The hospital was in operation from 1874 to 1993 and for many years, was Athens' largest employer. The site is now owned by Ohio University and is part of a development called The Ridges. It is considered to be haunted.
Newport, Newport County, Rhode Island
Belcourt Castle is the former summer cottage of Oliver Hazard Perry Belmont. It is the only mansion in Newport which is both open to the public and has a private owner in residence.
Big Bay, Marquette County, Michigan, 49808
Big Bay Point Light is the only operational lighthouse with a bed and breakfast. It is reputed to be haunted, and the novel and movie Anatomy of a Murder were inspired by a murder at the lighthouse.
The Gnadenhutten Massacre, also known as the Moravian Massacre, was the killing on March 8, 1782, of ninety-six Christian American Indians, including sixty-eight women and children, by American militia from Pennsylvania during the American Revolution.
, Perry County, Alabama
It is the only surviving residential example of Richard Upjohn's Italian villa style that was especially designed to suit the Southern climate and the plantation lifestyle. The building was designed and constructed for Edward Kenworthy Carlisle.
Carrollton, Pickens County, Alabama, 35447
This courthouse is famous for a ghostly image that can be seen in one of its windows. The image is said to be the face of Henry Wells, who was falsely accused of burning down the town's previous courthouse, and lynched on a stormy night in 1878.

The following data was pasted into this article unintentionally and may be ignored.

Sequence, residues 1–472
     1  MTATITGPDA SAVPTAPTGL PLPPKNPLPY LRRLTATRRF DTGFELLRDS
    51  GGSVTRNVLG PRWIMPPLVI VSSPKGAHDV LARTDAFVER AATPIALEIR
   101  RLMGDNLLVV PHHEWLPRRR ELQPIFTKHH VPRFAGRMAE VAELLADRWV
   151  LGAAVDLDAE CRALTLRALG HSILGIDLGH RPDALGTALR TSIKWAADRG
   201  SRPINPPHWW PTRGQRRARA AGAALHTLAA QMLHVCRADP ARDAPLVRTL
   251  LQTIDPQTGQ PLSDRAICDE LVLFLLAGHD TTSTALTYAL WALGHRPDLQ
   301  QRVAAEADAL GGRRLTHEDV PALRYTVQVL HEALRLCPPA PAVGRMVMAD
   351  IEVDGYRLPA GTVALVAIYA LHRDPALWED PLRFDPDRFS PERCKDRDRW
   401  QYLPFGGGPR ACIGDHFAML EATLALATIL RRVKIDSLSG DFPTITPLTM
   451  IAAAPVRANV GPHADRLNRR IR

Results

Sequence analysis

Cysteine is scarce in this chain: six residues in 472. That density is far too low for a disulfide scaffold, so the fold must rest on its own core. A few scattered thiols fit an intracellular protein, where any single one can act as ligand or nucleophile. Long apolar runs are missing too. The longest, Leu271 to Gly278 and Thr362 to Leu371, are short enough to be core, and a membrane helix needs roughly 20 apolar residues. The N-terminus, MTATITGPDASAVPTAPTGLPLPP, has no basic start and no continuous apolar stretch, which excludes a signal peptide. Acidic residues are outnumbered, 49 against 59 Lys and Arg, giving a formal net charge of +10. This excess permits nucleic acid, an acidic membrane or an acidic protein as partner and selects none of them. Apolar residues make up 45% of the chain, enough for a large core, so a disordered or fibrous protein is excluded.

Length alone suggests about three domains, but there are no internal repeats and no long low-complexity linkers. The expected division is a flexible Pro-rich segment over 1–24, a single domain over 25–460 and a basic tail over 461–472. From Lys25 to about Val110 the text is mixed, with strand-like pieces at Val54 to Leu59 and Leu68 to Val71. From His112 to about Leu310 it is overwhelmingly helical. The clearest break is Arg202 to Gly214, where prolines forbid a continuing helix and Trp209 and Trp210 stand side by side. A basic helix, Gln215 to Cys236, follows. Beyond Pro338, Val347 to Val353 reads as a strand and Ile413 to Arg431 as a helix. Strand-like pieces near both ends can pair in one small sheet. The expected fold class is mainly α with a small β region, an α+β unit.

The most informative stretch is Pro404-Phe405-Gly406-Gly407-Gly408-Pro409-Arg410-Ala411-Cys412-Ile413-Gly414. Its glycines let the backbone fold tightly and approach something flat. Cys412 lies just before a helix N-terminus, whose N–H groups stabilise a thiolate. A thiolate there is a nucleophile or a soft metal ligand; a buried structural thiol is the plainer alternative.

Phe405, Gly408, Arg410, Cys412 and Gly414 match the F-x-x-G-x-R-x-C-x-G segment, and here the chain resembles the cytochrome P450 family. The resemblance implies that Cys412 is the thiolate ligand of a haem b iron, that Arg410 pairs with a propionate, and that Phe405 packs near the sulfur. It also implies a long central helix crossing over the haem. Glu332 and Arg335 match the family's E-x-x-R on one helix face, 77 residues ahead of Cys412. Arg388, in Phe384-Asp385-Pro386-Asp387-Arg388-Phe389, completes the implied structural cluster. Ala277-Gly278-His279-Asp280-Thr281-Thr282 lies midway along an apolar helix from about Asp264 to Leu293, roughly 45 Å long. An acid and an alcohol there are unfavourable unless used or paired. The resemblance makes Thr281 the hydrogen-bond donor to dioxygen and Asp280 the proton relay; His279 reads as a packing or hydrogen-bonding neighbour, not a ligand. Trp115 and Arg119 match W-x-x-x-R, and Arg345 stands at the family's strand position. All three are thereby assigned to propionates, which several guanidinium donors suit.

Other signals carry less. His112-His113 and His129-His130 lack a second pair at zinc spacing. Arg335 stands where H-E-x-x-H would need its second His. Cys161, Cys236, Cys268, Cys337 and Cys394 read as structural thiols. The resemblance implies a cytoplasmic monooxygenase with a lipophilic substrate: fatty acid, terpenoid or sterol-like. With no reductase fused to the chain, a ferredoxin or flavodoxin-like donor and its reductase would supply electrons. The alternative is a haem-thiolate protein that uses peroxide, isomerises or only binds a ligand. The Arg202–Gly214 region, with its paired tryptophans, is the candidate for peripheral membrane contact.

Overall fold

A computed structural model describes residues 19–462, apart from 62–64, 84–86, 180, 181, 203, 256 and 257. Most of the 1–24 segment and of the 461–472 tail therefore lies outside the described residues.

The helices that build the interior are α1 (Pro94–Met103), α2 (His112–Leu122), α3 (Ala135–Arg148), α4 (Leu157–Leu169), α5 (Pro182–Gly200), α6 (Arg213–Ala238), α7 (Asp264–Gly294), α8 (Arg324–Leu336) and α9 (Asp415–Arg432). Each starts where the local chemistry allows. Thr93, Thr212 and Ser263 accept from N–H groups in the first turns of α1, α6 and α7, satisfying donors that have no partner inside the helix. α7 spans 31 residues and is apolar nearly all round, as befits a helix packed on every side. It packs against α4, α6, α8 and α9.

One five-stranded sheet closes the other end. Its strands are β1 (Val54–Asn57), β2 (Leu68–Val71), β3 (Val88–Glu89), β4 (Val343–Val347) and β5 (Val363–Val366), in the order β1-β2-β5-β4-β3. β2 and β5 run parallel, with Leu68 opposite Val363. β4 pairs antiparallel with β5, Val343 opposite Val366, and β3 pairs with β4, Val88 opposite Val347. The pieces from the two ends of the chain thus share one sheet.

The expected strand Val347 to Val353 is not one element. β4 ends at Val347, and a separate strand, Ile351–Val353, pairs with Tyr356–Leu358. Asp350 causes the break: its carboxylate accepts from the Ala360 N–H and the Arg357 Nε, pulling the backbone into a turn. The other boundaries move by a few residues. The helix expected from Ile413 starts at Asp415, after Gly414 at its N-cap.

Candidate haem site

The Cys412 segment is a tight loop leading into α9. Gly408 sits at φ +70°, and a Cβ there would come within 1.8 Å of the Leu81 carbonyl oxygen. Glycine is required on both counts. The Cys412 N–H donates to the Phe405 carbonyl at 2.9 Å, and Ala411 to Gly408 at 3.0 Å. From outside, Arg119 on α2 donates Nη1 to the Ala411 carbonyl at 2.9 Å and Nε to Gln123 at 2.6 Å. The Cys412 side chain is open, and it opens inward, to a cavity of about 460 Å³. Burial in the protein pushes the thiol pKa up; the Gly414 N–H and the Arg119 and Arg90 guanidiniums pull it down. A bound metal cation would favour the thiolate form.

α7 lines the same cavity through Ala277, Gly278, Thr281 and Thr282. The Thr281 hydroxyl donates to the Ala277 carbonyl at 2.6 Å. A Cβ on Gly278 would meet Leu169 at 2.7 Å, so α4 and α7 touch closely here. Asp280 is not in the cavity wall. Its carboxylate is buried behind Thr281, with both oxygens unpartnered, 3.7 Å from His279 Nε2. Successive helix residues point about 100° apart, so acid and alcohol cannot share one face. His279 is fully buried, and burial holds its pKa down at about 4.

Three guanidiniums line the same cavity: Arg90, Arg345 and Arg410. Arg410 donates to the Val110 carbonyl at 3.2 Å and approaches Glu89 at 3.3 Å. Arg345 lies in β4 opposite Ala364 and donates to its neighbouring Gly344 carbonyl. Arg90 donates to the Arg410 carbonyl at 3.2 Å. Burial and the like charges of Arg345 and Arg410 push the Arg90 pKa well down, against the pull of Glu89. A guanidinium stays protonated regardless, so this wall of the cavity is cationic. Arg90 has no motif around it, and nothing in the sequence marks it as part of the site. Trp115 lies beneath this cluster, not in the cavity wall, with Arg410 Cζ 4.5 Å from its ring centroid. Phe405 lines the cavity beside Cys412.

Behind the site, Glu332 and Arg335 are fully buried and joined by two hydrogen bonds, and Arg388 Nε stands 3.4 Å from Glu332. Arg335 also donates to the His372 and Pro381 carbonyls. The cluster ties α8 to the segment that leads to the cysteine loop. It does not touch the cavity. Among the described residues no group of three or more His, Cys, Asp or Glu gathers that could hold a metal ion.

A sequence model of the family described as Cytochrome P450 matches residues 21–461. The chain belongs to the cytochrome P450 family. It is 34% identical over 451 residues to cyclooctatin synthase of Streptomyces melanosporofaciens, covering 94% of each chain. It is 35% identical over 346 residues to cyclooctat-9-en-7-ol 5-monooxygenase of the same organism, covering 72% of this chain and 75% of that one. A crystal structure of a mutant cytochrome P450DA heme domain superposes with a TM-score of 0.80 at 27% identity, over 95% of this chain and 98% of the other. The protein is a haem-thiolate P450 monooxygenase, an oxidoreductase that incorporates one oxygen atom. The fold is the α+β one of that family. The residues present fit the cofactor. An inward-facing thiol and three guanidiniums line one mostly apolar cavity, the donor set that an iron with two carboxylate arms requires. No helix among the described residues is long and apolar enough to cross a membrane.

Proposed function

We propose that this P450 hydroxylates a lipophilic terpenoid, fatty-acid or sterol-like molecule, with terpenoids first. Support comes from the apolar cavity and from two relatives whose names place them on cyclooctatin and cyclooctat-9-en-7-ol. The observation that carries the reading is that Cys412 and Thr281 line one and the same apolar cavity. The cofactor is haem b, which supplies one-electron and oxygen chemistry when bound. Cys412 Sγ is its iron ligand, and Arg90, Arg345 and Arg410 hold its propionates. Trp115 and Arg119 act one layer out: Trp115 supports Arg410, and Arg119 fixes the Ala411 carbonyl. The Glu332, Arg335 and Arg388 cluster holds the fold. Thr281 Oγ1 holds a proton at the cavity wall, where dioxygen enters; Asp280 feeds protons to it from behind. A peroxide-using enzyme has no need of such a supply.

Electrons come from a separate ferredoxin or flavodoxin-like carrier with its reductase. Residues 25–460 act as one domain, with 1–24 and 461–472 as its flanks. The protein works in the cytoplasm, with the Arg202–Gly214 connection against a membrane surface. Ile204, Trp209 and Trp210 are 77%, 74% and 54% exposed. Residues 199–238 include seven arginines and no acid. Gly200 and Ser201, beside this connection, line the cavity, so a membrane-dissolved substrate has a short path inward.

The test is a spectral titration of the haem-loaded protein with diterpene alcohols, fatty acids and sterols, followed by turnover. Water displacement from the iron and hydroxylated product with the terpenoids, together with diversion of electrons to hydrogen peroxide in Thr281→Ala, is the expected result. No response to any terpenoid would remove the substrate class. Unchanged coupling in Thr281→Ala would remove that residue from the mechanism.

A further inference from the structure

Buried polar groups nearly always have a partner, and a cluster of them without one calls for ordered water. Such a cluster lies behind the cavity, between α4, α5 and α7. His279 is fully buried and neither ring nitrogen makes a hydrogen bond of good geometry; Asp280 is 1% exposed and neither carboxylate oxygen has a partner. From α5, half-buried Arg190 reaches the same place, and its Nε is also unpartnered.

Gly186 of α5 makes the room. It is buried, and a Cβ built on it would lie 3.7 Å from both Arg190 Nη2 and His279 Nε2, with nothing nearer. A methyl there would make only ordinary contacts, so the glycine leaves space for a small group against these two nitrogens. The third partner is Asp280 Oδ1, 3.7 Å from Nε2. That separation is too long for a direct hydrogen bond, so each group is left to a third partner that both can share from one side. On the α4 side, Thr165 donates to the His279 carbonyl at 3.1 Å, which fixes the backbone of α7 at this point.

Washington, District of Columbia, 20500
Originally referred to as the "Presidential Mansion," or "President's House,", there are several stories as to how the building came to be called "The White House." The name became official during the administration of Theodore Roosevelt.
Louisville, Jefferson County, Kentucky, 40272
Opened in 1926 for tuberculosis patients, the hospital was often overcrowded. It was also used as a geriatrics hospital, but was closed in 1981 allegedly due to patient abuse. It is claimed to be the most haunted hospital in the eastern United States.
Moundsville, Marshall County, West Virginia, 26041
This gothic structure operated as a penitentiary from 1876 to 1995. Courts ruled that the 5 x 7-foot (2.1 m) cells were cruel and unusual punishment and the prison was closed. The site is now maintained as a tourist attraction and training facility.